I used to work in radio. I was the news director at KNOD radio station in Harlan, over in the western part of Iowa.
I plan to start writing more about my past and my experiences and how it ties into my professional life. But those are different blog posts for different days.
Today I want to write about a U.S. Tax Court case that caught my eye last summer. I’ve had it on my “to-blog-about” list for a long time.
The case intrigued me because it involved a radio station employee who got paid by his employers as both an employee and an independent contractor. The result of the case surprised me.
A man by the name of Mr. Ramirez was an employee of Univision and worked for radio station KXTN in San Antonio. He was the station’s program director and was an on-air personality.
In 2005, the station was struggling financially so Mr. Ramirez took it upon himself to find sponsors. From the U.S. Tax Court ruling:
Mr. Ramirez established a direct, personal relationship with his sponsors, working hand-in-hand with them from the start of the advertising campaign to its end. They had no written contracts, just handshake agreements. Mr. Ramirez set the amount to be paid to him for his promotional services without input from Univision or KXTN….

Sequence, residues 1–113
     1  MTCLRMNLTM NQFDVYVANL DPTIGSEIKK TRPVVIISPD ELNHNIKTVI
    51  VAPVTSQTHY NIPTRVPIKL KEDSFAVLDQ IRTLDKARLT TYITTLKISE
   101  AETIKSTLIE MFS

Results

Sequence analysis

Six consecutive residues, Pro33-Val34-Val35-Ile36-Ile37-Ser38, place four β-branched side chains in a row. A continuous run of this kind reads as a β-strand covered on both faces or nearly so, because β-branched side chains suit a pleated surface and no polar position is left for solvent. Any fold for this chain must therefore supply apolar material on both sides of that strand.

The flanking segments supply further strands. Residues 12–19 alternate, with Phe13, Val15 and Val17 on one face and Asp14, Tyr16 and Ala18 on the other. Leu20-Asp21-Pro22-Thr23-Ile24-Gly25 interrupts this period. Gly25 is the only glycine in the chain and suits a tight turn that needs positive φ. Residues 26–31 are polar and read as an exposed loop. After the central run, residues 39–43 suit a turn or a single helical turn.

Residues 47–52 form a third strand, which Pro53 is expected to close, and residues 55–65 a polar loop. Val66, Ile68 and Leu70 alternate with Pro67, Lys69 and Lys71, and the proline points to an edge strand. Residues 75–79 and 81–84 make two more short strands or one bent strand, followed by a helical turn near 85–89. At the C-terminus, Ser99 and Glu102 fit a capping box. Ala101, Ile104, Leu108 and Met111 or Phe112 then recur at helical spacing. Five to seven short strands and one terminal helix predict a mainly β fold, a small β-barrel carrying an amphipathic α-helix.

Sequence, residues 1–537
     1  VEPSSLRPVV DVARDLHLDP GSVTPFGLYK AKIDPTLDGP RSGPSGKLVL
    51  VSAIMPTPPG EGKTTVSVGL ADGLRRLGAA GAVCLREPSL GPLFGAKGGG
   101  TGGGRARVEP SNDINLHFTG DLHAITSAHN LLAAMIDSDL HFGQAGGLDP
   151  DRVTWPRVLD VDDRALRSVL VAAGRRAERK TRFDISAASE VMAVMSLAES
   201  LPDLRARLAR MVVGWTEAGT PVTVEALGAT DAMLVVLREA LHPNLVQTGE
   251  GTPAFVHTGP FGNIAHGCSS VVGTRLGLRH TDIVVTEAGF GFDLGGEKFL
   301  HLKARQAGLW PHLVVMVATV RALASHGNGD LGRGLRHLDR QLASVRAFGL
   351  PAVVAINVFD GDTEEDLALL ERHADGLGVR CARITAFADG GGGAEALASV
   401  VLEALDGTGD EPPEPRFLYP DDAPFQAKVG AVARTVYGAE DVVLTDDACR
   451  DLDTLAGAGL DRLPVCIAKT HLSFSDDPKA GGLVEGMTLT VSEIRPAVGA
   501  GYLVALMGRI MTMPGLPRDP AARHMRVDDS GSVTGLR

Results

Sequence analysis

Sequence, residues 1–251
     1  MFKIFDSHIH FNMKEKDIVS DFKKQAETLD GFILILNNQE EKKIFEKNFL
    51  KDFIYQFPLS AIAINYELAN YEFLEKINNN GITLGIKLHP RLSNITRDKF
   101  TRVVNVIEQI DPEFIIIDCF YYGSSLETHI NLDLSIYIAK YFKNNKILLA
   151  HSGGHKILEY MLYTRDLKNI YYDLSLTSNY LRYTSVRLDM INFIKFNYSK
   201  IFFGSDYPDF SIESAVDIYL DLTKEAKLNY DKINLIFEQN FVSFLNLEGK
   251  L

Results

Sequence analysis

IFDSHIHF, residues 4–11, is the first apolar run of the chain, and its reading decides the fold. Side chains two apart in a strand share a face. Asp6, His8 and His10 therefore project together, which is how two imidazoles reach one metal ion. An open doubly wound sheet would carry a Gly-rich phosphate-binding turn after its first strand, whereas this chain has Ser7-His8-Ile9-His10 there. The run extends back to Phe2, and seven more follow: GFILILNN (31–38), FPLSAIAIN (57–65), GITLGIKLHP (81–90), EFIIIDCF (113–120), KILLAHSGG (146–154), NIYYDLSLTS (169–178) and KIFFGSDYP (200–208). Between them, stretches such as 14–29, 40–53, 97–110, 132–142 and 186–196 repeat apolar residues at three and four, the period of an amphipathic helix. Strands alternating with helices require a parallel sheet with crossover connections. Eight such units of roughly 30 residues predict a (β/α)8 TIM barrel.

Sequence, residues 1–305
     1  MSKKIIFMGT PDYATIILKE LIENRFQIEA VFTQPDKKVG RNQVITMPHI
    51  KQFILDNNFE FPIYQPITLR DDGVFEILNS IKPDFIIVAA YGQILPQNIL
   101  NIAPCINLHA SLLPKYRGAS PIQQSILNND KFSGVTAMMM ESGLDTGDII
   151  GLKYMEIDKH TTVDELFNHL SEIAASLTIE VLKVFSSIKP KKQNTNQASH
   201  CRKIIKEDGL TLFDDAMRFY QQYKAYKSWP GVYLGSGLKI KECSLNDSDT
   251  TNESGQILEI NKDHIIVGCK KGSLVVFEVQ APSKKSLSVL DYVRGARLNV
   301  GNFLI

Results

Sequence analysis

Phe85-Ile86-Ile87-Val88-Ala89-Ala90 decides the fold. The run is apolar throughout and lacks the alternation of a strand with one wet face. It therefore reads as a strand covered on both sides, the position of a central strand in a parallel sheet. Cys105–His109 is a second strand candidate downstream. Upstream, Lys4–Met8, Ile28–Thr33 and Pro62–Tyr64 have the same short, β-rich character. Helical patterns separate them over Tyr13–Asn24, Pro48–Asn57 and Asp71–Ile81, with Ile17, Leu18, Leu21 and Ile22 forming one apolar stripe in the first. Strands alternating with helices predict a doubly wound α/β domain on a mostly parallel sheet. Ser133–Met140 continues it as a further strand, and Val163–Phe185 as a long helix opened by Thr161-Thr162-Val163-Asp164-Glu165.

Mr. Ramirez assisted the sponsors in developing their respective advertising campaigns, including the drafting of their “copy points” which outlined those elements of the advertising campaign that the sponsors desired to highlight. He promoted their products and/or services, both during on-air broadcasts and on “off-air” appearances at sites designated by the sponsors.
Even though Ramirez set the amounts the sponsors would pay, the sponsors were billed by Univision. Univision added these amounts to Ramirez’s wages. Withholdings for income taxes and FICA were taken out of his pay, and these amounts were included as wages on Ramirez’s W-2.
In 2007 (the year in question before the Tax Court), Ramirez was paid an additional $82,000 of wages from his sales.
When he filed his 2007 tax return, he included a Schedule C showing $0 of income and $26,303 of expenses. The Schedule C related to his sales work. According to Ramirez’s CPA, the Schedule C showed $0 of income because the $82,000 of sales income was already included on his W-2.
Naturally, the IRS audited Ramirez. The IRS believed the $26,000 of expenses were employee expenses that should have been shown as itemized deductions subject to the 2% of AGI limitation, rather than as Schedule C deductions.
Mr. Ramirez argued that his sales work was outside the scope of his regular work at the radio station and so the sales work should be treated as independent contractor wages.
To my surprise, the Tax Court agreed. They reclassified the $82,000 of sales income as Schedule C gross receipts and allowed the $26,000 of deductions against that income.
In Part 2, I’ll explain why I’m surprised at this entire arrangement based on my own experiences in my “prior life” in radio.